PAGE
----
Saturday 30 May 2020 | 07:03 | SYDNEY
Saturday 30 May 2020 | 07:03 | SYDNEY

Counter-insurgency: Our military future


Mark O'Neill

10 December 2009 09:31

Whenever I read a piece by Paul Kelly, it reminds me how rare good writing seems to have become among the contemporary Australian broadsheet newspapers. Kelly has the ability to cut through opinion, spin and the conventional wisdom to succinctly present the essential elements of an argument or position.  

His piece in yesterday's Australian regarding Prime Minister Rudd's management of the US-Australia relationship and his Government's response to President Obama's Afghanistan 'surge' is an example. Kelly's discussion of the Government's Afghanistan position offers little hope to those who argue for an increased Australian military commitment to the counter-insurgency conflict in Afghanistan.

There are, however, several reasons we should not assume that Australia can soon go back to studiously ignoring the problems associated with counter-insurgency. 

First, in Afghanistan there remains a large gap between our desired military end-state – a capable and self-sufficient Afghan National Army  – and the present reality. Australian troops in Oruzgan Province are doing a great job, but any reasonable assessment of the timeline for the task ahead would not be counted in weeks and months. 

The second reason goes beyond Afghanistan, and will be more problematic in the longer term. It comes from this line in Kelly's article:

Beneath this policy lies Labor's abiding strategic preference for military operations closer to home, not in coalitions beyond the region.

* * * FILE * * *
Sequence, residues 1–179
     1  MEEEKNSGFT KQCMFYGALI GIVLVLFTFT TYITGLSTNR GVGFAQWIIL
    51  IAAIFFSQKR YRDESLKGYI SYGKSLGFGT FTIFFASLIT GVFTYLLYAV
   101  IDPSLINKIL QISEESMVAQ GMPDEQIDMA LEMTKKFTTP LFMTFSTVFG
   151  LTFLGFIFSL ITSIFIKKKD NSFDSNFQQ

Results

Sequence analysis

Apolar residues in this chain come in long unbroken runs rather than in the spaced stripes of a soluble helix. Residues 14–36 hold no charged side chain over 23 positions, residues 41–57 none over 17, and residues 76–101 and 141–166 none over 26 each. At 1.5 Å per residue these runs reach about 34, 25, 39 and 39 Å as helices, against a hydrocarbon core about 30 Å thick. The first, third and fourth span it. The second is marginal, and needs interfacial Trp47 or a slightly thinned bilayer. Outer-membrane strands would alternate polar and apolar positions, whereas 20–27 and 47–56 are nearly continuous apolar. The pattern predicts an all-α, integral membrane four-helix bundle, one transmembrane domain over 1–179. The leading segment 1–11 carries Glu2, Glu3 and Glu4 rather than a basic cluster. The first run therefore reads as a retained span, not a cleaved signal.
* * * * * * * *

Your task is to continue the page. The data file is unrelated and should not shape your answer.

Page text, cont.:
While the idea of a 'strategic' preference for where one may like to fight future wars merits detailed comment, I'll focus on the issue of conflicts 'closer to home'. These, and most of the violent security challenges within our immediate region, are insurgency-related.

Consider the ASEAN states. Nine out of ten have had at least one insurgency within their borders during the last century; many of them have had two or more, some of which are still going. From Irian Jaya to Mindanao and Songkhla to southeastern Myanmar, insurgency is endemic. In the globalised era, there is no guarantee that the problem of insurgency within states will not affect their bilateral and regional relationships. 

The immediate by-products of insurgency are diverse and serious. They can include terrorism, human insecurity (encapsulating issues such as poverty, hunger, ethnic cleansing and refugee flows) and the conditions for transnational crime. In the longer term, nothing less than state failure and regional destabilisation are possibilities. 

This is the environment in which the ADF will conduct such 'military operations closer to home'. It suggests that our eventual exit from Afghanistan will not be the end of our association with counterinsurgency, but a preview of our future.

Photo by Flickr user isafmedia, used under a Creative Commons license.